Konferencē "A Human Touch - Adults Learning with a Difference" 2003. gada 13. maijā
Noslēguma runa 1
Dear colleagues, honoured guests, Ladies and Gentlemen!
It is an honour for me to be given the opportunity to close this important conference "A human Touch - Adults Learning with a Difference" here in Riga today. I especially want to thank the Nordic council of ministers, the city of Riga and the Latvian Ministry of Education.
Latvia, close friend of Sweden with the beautiful city of Riga, is now rapidly regaining its traditional beauty (and former splendour). Today Riga represents a new and strong modern development, a centre of education, communication and finance.
Latvia, Lithuania and Estonia have all shown remarkable progress in incorporating information technologies in their development. That is yet another reason why it is so appropriate to locate this conference in Riga. New technology will play an important part of the changing of adult learning in the future.
Latvia, not just a close friend but also a neighbour with which Sweden as well as all the other Nordic countries has important historical links from the time when water united more than separated.
My previous link to the Baltic countries, somewhat more recent, was when I as a member of the social democratic youth was involved in a Baltic project back in 1994. We were in Klaipeda, Lithuania, exchanging political ideas about the environment and different educational policies. Our co-operation involved issues of organisational character as well. The development within the Nordic-Baltic co-operation has since expanded greatly, to all our benefit and joy. This brings me to the important issue of Life-long learning:
When it comes to LLL I think we all share great expectations concerning the main themes of the conference:
motivation, access and integration.
These three are important, not only from an economical point of view, but also from a human perspective - development of ideas and democratic values. Values worth being repeated.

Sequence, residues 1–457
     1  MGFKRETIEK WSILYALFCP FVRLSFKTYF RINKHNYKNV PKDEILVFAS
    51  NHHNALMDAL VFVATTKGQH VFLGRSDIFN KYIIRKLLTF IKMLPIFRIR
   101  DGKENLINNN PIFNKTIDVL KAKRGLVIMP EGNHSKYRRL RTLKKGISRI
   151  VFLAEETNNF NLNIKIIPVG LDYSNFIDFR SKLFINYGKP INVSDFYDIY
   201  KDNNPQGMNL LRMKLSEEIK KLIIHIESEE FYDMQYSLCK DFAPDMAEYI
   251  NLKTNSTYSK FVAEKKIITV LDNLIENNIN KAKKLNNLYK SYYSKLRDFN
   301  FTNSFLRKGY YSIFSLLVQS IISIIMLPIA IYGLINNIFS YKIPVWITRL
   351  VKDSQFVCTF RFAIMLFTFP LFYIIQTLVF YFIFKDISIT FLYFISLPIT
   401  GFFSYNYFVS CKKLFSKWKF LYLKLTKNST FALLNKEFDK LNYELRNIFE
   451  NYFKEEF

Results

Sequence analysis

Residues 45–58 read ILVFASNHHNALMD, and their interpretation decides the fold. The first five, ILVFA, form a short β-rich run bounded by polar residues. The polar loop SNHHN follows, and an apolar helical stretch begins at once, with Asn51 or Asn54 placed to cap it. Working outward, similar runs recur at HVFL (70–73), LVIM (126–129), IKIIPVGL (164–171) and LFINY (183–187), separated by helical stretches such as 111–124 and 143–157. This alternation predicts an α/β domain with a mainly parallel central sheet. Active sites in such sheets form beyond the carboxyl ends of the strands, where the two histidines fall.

One of the aims of this conference is to summarise the results from 10 years of Nordic-Baltic co-operation and form a platform for adult learning in the Nordic-Baltic common education space. As the Comparative Analyses show we do share a common view on several aspects of lifelong learning strategy.
In a knowledge-based economy we must support and encourage the life-long learning of every individual. If life-long learning is to be a real possibility, it demands an infrastructure that takes into account that each and everyone has different abilities, needs and wishes.
Our success rests on three pillars. Firstly, we must acknowledge the skills and competencies of people regardless of how the knowledge is gained. Secondly we must provide counceling and guidance when people face choices. Finally we must be flexible. Individuals have different wishes, needs and ways of learning.
This has to be done in close co-operation with working life as well as with individuals. The challenge for the Swedish government is now to make life-long learning possible for everyone.The individual should have the opportunity to work and at the same time have access to learning. The challenge is to make it happen. Individuals have vast amounts of knowledge, gained outside the formal system. Through validation we can acknowledge and value their skills and the individual may find new pathways in life.